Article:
• Your tax shelters are limited -- if you use the Swiss pension scheme ("pillars 2 and 3") to reduce your CH taxes, as the Swiss do, the US will tax the money you put in -- and then the Swiss will tax it when you take it out, resulting in double taxation of those CHF's. People in the financial world may have finagled some other way to shelter money (non-qualified deferred compensation plan in the States? I think there are some fancy and advantageous expat contracts out there, but we are local).
  • You can still take the US deductions that you always have -- charity, mortgage, self-employment expenses, etc.
  • Our tax advisor thought that it would "come out in the wash" based on the information we gave him.
  • Your decision has to be based on a lot more than $$$ or you may be very unhappy.
  • Whatever you do, don't post on EF "Can I survive in Geneva on 120,000 CHF/year".
Reply With Quote
  #37  
Old 16.12.2013, 11:44
Village Idiot's Avatar
Forum Legend
 
Join Date: Jul 2009
Location: Basel
Posts: 3,596
Groaned at 33 Times in 30 Posts
Thanked 6,757 Times in 2,174 Posts
Village Idiot has a reputation beyond reputeVillage Idiot has a reputation beyond reputeVillage Idiot has a reputation beyond reputeVillage Idiot has a reputation beyond reputeVillage Idiot has a reputation beyond reputeVillage Idiot has a reputation beyond repute
Re: FAQ: Expat's Guide to US Tax

Quote:
View Post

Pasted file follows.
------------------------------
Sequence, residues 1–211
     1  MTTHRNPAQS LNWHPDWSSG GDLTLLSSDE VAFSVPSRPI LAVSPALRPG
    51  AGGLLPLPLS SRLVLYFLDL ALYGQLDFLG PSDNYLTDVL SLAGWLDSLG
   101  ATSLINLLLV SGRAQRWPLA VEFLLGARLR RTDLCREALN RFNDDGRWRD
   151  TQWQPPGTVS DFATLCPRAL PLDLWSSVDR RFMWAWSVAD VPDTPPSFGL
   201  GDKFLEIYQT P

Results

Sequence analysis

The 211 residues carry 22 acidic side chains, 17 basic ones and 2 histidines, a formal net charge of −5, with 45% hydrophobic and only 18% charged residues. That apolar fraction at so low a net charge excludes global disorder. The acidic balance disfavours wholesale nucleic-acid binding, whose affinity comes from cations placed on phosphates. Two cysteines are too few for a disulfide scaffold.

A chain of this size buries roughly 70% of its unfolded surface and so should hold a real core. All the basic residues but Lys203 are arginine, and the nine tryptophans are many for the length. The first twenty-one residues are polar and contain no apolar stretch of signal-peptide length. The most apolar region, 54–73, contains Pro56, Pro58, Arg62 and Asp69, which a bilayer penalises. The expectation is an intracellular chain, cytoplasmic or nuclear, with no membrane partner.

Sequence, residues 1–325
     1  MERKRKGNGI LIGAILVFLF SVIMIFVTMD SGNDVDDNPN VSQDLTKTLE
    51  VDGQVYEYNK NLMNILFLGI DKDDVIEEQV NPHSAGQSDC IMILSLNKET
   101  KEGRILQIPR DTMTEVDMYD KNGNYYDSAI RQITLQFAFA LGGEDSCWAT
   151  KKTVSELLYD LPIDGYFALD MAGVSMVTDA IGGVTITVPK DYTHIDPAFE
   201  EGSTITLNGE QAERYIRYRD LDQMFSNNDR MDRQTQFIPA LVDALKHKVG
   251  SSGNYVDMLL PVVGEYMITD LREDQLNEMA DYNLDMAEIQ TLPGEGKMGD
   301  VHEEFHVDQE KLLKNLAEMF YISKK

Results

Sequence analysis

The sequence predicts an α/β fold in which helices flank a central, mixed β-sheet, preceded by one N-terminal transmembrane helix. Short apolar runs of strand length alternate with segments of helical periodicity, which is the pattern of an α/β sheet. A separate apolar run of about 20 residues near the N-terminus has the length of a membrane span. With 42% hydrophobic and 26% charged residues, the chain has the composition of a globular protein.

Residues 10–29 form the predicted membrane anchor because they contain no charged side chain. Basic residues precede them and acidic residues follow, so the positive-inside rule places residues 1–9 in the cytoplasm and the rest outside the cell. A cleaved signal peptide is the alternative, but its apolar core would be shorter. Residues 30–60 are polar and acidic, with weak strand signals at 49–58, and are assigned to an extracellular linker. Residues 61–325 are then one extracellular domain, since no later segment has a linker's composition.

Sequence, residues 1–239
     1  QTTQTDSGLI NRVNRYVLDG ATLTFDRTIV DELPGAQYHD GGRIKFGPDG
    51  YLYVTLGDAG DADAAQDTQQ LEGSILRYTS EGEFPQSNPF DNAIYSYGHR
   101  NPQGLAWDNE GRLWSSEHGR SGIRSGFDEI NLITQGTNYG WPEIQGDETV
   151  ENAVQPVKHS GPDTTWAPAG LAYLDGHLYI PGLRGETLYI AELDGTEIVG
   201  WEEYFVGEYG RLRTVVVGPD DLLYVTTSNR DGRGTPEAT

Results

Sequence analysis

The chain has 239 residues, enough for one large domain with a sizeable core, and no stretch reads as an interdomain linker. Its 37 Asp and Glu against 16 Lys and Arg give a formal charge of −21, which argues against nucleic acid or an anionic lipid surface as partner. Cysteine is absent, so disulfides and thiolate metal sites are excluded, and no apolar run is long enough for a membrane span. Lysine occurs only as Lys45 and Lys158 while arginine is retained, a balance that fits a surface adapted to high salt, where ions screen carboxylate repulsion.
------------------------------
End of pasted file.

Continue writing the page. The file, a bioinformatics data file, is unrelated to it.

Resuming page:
Sorry to drag up an old thread, but I could not find anywhere in the guide where it says Your first $91K earned abroad will not be taxed. Can anyone confirm this is true? Does this mean that I do not need to fill out tax forms until after I have earned 91,000?
You are referring to the Foreign Earned Income Exclusion, which is $97,600 for 2013. You can exclude this income, but you still need to file a tax return.

http://www.irs.gov/Individuals/Inter...come-Exclusion
Reply With Quote
The following 2 users would like to thank Village Idiot for this useful post:
  #38  
Old 16.12.2013, 12:08
Member
 
Join Date: Nov 2012
Location: Geneva
Posts: 203
Groaned at 15 Times in 10 Posts
Thanked 68 Times in 41 Posts
TuxedoPants has earned some respectTuxedoPants has earned some respect
Re: FAQ: Expat's Guide to US Tax

Thanks for the link!

So basically every year, I fill out a tax return but never owe US taxes because I earn under the FEIE?

Quote:
View Post
You are referring to the Foreign Earned Income Exclusion, which is $97,600 for 2013. You can exclude this income, but you still need to file a tax return.

http://www.irs.gov/Individuals/Inter...come-Exclusion